Wednesday, April 04, 2018



Dear Mike,

Diana Wells, Lives of the Trees: An Uncommon History (Chapel Hill: Algonquin Books, 2010), p. 52:
Silver birch, our name for the European birch, Betula pendula ("drooping birch"), is thought to date from this 1830 Dirge by Alfred, Lord Tennyson. Tennyson's "birk" was the Scottish name for the tree, and the many British place-names with the "birk" prefix shows how widespread the birch tree was and still is.
Not a birchable offence this, but sloppy. Birk was and is the Scottish name, but more to the point, as the OED and EDD make plain, it was a northernism that extended as far south as Tennyson's native Lincolnshire. And 'silver birch' predates the poem. I found an occurrence for 1826 but there are probably earlier ones. It's a lovely poem.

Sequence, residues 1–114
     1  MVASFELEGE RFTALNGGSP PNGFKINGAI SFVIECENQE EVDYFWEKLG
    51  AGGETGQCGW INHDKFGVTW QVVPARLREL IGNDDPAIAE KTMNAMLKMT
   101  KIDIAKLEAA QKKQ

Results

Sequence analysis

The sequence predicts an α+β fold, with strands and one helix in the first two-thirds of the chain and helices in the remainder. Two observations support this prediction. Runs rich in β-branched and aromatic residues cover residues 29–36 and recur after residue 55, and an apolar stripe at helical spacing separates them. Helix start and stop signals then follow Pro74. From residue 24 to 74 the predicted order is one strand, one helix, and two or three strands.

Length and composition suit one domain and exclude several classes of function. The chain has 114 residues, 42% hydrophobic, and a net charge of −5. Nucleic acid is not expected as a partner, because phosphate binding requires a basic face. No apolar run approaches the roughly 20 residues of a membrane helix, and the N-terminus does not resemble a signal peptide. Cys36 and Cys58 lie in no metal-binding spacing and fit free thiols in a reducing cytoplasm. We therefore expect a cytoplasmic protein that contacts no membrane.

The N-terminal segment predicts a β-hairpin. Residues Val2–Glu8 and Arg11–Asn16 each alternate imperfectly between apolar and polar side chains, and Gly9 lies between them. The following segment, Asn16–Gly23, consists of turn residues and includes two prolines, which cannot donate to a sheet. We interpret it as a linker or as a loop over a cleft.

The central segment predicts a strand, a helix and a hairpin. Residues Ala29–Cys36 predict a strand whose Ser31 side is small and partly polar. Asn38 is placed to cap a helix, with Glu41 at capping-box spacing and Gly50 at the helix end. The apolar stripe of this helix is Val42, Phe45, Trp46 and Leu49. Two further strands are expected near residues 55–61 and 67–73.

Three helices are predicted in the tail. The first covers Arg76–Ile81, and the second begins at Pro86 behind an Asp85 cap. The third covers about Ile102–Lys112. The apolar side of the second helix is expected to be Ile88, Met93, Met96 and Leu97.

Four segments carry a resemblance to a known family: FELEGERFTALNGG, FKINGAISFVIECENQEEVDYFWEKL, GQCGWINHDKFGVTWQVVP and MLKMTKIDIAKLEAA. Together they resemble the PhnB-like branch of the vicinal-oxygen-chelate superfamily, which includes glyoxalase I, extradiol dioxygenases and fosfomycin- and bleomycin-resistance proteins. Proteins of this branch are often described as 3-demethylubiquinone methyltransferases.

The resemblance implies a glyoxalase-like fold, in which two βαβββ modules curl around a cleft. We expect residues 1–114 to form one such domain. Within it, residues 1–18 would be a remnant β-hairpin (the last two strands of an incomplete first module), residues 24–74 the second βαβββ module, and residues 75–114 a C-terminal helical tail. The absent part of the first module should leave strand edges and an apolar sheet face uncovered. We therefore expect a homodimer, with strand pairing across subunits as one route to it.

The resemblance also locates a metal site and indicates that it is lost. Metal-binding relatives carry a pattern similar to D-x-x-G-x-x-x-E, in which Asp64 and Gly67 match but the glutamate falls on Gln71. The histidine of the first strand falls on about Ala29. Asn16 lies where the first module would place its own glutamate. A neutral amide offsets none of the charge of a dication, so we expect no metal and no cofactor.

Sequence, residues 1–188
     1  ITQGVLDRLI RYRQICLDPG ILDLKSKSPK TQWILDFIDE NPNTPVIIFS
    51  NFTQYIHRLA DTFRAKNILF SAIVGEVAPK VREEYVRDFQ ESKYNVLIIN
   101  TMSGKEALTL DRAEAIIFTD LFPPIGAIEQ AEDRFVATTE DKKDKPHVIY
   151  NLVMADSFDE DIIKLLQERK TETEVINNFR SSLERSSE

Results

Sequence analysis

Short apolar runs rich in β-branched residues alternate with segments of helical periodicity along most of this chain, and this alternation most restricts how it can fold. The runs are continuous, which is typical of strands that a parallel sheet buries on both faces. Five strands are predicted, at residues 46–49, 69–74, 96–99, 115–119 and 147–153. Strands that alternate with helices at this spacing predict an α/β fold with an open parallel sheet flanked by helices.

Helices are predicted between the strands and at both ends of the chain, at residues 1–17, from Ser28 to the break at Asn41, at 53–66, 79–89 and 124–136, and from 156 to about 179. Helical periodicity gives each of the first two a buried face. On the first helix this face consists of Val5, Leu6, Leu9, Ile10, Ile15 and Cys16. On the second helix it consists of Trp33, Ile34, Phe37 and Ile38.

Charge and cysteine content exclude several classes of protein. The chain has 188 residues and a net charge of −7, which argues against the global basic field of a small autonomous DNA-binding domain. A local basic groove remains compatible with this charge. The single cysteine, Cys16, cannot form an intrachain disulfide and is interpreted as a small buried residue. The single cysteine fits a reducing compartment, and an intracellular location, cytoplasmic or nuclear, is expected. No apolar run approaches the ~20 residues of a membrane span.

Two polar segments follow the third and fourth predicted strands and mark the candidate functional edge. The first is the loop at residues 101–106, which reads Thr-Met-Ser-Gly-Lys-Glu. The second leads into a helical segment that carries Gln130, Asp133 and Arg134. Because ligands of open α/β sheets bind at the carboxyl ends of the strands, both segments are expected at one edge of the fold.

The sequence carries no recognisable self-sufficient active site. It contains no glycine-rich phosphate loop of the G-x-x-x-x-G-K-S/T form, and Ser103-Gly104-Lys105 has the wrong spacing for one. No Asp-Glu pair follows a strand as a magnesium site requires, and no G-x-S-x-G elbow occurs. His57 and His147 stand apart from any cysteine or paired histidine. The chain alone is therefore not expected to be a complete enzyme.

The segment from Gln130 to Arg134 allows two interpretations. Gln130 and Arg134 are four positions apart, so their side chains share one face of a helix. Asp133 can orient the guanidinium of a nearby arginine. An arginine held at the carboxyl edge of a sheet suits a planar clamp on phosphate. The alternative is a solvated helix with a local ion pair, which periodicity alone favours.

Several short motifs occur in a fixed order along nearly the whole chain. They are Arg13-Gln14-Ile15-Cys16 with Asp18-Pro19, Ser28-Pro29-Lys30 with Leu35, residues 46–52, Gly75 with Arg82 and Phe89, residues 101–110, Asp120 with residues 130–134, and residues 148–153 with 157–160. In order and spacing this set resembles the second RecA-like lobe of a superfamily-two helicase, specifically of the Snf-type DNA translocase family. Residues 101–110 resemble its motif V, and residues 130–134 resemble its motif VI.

‘Self-pleached deep’ is a striking phrase worthy of Hopkins, who would have exploited its grammatical ambiguities. The verb is itself pleached with 'complicated' through Latin 'plicare'. Perhaps complicated people (Hopkins for one) should be called 'self-pleached', as a benign alternative to thrawn. I suspect, though, that relaunched, it wouldn't make much of a plash. No one practices pleaching any more.

Best wishes,
Eric [Thomson]

Betula pendula

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